JOURNAL ARTICLE

[Renal failure stages as predictors of mortality following acute coronary syndrome]

A Sanchez Hidalgo, M Pou, R Leiro, D López Gómez, Md Martínez Ruiz, A Saurina, V Esteve, M Fulquet, M Ramírez de Arellano, Ma de Miguel
Nefrología: Publicación Oficial de la Sociedad Española Nefrologia 2009, 29 (1): 53-60
19240772

INTRODUCTION: renal glomerular filtration rate on hospital admission in patients presented with an acute coronary syndrome as a predictor for mortality.

PATIENTS AND METHODS: The study analysed 290 patients admitted on hospital with an acute coronary syndrome during one year (2003). Renal function was estimated using the renal glomerular filtration rate by the MDRD formula. Patients were stratified in three groups: patients with a GFR > or = 60 ml/min/1,73 m2; n = 186, patients with GFR < 60 or > 30; n = 93 and patients with GFR < 30; n = 11.

RESULTS: 66.6% of patients were males and 66.5% were older than 65 years old. 54.5% suffered from hypertension and 39% were diabetics. All patients with GFR < 30 ml/min had an acute coronary syndrome without elevation of ST segment. They were the oldest with a major proportion of previous cardiovascular events as cerebrovascular disease, peripheral vascular disease or myocardial infarction. Diagnostic procedures and treatments were less administered in patients with GFR < 30 ml/min. Although in the univariate analysis demonstrated that hospital mortality was related to GFR < 30 ml/min, sex, ageing, Killip > 1, ventricular function and cTnT elevation, only GFR < 30 ml/min, ageing, heart failure and ventricular dysfunction persisted significant in the multivariate analysis. Hospital mortality was 27.3% in patients with GFR < 30 ml/min, 7.5% in patients with GFR between 30-60 ml/min and 3.8% in patients with a GFR > or = 60 ml/min. Mortality after two years follow up was 27.3% in patients with GFR < 30 ml/min, 20.4% in patients with GFR between 30-60 ml/min and 10.2% in patients with a GFR > or = 60 ml/min. Mortality (hospital mortality and after two years of follow up) was increased in patients with GFR< 30 ml/min, ageing, heart failure and diabetes after adjusted for other prognostic factors.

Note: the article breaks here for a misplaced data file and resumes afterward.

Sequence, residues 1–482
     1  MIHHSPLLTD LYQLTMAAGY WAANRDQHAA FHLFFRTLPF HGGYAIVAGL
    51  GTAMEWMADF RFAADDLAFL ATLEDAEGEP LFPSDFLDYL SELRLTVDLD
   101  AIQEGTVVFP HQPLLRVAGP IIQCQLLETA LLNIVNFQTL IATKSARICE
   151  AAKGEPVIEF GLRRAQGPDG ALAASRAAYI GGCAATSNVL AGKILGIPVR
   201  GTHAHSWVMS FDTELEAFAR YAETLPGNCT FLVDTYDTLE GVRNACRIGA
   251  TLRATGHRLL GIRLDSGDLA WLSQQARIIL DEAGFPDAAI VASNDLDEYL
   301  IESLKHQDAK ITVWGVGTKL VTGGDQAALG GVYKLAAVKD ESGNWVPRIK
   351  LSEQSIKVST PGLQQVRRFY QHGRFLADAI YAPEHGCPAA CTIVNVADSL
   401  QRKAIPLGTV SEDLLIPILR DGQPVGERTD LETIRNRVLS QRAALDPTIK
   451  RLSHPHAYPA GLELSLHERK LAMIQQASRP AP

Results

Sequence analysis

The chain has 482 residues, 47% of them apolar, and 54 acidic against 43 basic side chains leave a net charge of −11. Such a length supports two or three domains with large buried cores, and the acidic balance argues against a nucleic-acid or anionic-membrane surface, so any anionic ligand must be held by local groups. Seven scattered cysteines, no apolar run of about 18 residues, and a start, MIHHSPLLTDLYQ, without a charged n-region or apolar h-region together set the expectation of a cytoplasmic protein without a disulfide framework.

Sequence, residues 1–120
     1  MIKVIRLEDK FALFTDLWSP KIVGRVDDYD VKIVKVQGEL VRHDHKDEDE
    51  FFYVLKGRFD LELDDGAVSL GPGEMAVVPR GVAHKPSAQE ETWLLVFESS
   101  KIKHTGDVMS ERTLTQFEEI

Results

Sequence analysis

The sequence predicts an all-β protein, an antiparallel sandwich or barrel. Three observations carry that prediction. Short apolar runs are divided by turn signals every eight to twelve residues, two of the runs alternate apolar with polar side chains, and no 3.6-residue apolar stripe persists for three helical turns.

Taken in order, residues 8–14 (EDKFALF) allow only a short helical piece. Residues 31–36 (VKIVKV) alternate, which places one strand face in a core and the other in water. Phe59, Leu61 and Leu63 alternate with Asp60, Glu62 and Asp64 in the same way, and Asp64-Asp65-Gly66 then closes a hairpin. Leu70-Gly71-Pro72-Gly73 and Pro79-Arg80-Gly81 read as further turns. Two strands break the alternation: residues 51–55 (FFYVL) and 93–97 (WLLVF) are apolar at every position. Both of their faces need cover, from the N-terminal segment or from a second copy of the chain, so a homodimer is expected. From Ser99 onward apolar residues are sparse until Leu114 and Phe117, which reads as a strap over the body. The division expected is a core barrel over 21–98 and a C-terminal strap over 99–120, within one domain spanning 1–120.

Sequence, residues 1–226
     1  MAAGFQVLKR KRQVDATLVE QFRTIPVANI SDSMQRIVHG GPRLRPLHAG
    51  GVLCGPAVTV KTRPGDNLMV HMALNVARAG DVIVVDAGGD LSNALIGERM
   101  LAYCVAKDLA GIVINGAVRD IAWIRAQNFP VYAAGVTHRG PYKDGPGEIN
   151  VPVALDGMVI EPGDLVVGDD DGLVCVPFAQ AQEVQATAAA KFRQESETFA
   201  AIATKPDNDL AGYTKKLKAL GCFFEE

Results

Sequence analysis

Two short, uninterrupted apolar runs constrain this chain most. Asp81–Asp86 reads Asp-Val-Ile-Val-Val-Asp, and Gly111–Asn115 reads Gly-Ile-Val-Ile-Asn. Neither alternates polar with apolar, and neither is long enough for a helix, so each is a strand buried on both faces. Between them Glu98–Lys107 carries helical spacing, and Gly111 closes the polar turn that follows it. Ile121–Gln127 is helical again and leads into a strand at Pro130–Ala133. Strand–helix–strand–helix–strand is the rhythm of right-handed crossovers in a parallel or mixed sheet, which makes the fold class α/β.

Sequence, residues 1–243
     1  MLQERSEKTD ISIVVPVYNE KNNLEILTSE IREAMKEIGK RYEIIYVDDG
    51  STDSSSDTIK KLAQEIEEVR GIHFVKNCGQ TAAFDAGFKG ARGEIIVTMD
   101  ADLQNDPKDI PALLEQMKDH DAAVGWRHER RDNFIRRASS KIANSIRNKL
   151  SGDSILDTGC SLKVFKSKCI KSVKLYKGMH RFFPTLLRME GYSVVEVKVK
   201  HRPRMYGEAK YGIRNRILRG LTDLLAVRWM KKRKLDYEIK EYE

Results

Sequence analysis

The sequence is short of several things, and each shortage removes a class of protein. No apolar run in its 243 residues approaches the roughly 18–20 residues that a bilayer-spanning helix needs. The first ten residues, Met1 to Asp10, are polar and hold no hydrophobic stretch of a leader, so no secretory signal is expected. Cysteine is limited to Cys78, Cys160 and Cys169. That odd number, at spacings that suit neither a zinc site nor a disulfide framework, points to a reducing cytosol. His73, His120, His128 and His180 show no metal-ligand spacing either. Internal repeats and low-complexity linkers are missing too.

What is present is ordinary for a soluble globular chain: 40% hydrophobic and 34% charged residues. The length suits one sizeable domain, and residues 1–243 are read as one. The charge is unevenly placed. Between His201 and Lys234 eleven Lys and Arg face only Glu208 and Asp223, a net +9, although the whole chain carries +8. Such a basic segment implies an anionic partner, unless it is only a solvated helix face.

CONCLUSIONS: A reduced glomerular filtration rate is an independent risk factor for mortality in patients with an acute coronary syndrome. Estimation of the renal glomerular filtration rate might be used as prognostic value in these patients.

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